Academic journal article Studies in the Novel

Posthumous Posturing: The Subversive Power of Death in Contemporary Women's Fiction

Academic journal article Studies in the Novel

Posthumous Posturing: The Subversive Power of Death in Contemporary Women's Fiction

Article excerpt

Roland Barthes' oft-quoted assertion that "narrative is present in every age, in every place, in every society," that it "is simply there like life itself ... international, transhistorical, transcultural"(1) has devastating implications when taken in concert with the claims of feminist theorists(2) that linguistic forces and practices (including narrative) are inherently mired in sexism. If narrative is as ubiquitous as Barthes posits, and as steeped in patriarchy as feminists argue it is, there seems then to be little hope of constructing an agenic female subject in narrative. Many contemporary novels by women fix their focus upon this issue, attempting both thematically and structurally to resist or subvert patriarchal linguistic and narrative constructs.

The fiction of Kathy Acker, for example, demonstrates an awareness of the diffused web of power in our society, which is as she says "constructed according to the phallus."(3) Her novel Don Quixote which was a dream explores the issue of what possibilities exist for a female subject within the phallocentric construction that is a novel. Acker's novel takes on the seemingly impossible: it confronts and attempts to manipulate the constitutive power that language wields in the construction of the subject. Paradoxically, it is by submitting to the violence and death traditional narrative forms inflict upon the feminine that the protagonist of Don Quixote is able to stage that manipulation. Carole Maso's The American Woman in the Chinese Hat attempts a similar negotiation between language and narrative structure in order to demonstrate the complex difficulties narrative poses for the possibility of a female subject or hero. By grappling with the seemingly inexorable pull of traditional narrative forms, this novel illuminates the heterosexism and violence toward the feminine inherent in those forms and represents a successful attempt to provide a space for an agenic female subject within the prescriptions of the oedipal narrative structure. In other words, like Don Quixote, it is through death that the protagonist of Maso's novel is able to formulate a position of agency and power. It is by dying that the protagonists in both Don Quixote and The American Woman in the Chinese Hat negotiate a tenuous compromise that provides the possibility of harnessing narrative violence for their own ends. These characters make what subversive use they can of the violence and death imposed upon them by the demands of oedipal narrative.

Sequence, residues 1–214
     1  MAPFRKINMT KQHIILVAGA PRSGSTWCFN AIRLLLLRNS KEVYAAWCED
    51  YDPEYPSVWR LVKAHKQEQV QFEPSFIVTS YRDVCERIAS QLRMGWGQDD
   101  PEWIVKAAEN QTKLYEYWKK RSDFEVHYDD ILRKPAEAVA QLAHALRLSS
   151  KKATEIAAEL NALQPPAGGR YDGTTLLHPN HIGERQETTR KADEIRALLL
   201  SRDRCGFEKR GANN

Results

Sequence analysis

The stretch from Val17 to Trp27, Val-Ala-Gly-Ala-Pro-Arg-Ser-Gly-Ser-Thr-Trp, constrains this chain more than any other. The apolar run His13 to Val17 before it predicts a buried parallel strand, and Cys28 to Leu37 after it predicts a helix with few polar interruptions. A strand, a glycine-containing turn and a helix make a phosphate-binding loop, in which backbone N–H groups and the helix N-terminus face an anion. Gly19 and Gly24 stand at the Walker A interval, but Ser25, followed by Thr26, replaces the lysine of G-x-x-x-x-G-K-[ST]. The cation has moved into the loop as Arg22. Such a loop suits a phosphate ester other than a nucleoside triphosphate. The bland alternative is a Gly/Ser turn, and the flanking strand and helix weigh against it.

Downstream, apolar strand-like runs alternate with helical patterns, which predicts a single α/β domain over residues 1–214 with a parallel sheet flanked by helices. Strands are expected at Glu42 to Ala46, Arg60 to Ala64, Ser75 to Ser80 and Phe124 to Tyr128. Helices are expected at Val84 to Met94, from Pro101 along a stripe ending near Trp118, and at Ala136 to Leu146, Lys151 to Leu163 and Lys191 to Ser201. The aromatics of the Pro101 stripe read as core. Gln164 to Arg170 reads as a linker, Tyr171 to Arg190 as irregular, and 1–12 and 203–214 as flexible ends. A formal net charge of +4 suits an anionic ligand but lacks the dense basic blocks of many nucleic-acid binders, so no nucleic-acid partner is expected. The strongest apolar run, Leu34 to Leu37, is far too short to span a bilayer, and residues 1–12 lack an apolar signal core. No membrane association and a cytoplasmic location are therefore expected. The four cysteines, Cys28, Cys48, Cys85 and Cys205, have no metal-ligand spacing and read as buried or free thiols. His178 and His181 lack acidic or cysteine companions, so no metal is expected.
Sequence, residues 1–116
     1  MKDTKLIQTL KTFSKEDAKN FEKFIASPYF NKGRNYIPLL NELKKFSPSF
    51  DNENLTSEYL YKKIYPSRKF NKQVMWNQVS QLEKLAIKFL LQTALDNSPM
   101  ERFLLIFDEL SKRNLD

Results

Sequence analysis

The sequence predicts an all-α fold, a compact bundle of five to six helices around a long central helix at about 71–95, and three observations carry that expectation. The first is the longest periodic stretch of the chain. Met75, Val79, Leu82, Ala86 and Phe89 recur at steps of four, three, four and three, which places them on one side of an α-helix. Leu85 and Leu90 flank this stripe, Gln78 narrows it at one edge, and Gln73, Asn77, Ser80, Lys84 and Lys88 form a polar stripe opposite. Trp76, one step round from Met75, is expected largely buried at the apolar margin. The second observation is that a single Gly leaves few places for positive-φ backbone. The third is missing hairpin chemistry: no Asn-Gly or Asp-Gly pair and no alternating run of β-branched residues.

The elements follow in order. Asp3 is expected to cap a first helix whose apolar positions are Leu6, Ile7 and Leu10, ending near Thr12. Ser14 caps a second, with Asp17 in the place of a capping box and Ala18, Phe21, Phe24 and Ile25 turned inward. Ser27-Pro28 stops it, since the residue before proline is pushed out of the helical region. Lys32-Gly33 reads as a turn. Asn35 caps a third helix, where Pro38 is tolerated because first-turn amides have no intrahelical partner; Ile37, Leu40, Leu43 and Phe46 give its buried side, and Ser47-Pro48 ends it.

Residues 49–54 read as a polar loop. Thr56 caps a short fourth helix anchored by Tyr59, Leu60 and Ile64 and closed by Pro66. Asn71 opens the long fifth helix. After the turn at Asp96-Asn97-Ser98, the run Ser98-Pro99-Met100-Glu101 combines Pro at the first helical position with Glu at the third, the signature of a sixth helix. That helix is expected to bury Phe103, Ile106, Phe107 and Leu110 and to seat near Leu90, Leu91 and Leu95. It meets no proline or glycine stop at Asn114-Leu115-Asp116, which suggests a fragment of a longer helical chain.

Barthes describes the oedipal narrative by saying: "Doesn't every narrative lead back to Oedipus? Isn't storytelling always a way of searching for one's origin, speaking one's conflicts with the Law, entering into the dialectic of tenderness and hatred?"(4) For Barthes, then, all narrative is oedipal, all narrative leads through obstacles toward eventual knowledge, either of self or of the Law. Unfortunately, in order for this knowledge to be gained, according to Teresa de Lauretis, "the hero must be male, regardless of the gender of the text-image, because the obstacle, whatever its personification, is morphologically female."(5) In his influential essay "Freud's Masterplot," Peter Brooks invokes Freud's The Pleasure Principle in order to point out that the narrative preoccupation with oedipal knowledge derives from a preoccupation with death: "if we inquire further into the nature of the [narrative] ending, we no doubt find that it eventually has to do with the human end, with death."(6) Death, Brooks posits, is always the real telos, the desired direction of narrative structure, while de Lauretis argues that the resulting violence or sadism required for bringing about that death is necessarily directed at the female or the feminine.

Therefore, there remains seemingly little possibility within the confines of the traditional oedipally-inflected narrative structure for a text which does not inflict narrative violence or death upon the feminine. …

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